I would expand and integrate term by term.
Now putting x to the 4th power, and 4 in the denominator.
Not the Final Answer
However, that's the not the final answer. Some special manipulation needs to be done. That's because the du is larger than dx (of the original problem). It think some sort of division needs to be tried.
Let's try it this way:
Note: The du almost matches the dx (in the original problem). However, there is an extra that needs to be gotten rid of.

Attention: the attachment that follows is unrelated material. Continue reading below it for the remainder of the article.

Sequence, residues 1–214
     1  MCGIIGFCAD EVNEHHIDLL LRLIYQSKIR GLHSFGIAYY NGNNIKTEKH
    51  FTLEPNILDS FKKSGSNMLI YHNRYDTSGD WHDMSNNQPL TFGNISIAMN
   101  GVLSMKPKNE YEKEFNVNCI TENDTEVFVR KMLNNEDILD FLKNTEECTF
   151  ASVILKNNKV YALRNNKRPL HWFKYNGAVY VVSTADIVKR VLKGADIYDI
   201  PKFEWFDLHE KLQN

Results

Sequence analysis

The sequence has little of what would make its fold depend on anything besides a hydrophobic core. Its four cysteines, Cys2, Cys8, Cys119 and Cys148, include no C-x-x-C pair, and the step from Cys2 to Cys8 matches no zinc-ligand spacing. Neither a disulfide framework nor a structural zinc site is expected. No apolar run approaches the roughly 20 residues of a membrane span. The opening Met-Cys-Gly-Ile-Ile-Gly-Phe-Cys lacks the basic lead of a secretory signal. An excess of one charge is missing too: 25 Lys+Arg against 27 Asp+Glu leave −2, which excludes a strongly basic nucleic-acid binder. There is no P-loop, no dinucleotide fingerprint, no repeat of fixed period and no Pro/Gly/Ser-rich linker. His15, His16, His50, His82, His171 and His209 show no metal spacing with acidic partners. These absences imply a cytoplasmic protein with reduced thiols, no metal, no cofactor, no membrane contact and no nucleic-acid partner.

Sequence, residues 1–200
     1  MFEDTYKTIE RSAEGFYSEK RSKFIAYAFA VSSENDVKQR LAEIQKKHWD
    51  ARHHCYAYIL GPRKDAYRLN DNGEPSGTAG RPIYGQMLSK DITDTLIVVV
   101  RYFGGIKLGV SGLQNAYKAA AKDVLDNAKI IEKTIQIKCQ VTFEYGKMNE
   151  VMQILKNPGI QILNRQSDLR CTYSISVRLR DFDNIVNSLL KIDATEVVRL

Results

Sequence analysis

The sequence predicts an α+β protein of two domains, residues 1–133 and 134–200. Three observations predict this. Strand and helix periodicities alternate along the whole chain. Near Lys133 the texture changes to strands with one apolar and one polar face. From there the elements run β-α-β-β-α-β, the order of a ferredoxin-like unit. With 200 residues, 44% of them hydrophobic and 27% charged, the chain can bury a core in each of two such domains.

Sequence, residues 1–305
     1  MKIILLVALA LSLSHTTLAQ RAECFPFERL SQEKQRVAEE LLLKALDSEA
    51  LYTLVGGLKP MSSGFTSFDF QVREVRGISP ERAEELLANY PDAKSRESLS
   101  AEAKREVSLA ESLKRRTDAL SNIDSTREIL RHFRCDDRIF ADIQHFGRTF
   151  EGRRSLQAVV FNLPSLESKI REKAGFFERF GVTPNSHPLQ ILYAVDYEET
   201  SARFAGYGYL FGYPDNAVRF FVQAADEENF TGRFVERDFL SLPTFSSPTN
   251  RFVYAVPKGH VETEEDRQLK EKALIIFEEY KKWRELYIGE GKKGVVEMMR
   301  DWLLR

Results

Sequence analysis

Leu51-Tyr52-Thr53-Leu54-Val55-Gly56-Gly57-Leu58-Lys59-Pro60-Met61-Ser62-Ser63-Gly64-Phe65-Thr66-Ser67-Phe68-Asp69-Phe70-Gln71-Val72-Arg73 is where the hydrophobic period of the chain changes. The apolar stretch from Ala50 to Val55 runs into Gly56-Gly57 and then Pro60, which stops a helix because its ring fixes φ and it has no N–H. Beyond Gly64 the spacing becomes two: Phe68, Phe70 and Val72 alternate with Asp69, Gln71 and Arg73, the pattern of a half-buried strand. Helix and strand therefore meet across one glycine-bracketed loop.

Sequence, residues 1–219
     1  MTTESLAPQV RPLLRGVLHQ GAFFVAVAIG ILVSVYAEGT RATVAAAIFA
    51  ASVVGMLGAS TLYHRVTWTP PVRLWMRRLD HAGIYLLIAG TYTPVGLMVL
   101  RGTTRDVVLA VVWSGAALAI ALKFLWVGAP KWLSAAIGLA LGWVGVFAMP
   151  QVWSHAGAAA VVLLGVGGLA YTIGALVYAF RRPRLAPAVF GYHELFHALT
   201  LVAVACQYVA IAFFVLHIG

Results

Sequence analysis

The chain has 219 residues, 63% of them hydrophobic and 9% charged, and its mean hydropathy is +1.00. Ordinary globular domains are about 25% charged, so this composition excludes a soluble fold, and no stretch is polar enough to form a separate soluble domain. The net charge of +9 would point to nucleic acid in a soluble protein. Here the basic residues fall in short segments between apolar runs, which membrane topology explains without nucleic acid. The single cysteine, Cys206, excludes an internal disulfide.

If the dx was then division by 2 would be the key. But in this problem, that isn't the case.
Ok, let's try to get rid of the by subtraction.
Now, simply integrate term by term using the power rule. I see you have edited your post...once you have integrated, you don't want to use the integration symbol, that is removed when you write the anti-derivative. So, remove the integration symbol, reduce any fractions and add the constant of integration.
Where the denominators are 1, I would omit them.
I looked at methods of substitution, but did not readily find a method that would work. There may be a way, but my inclination was to just expand and integrate.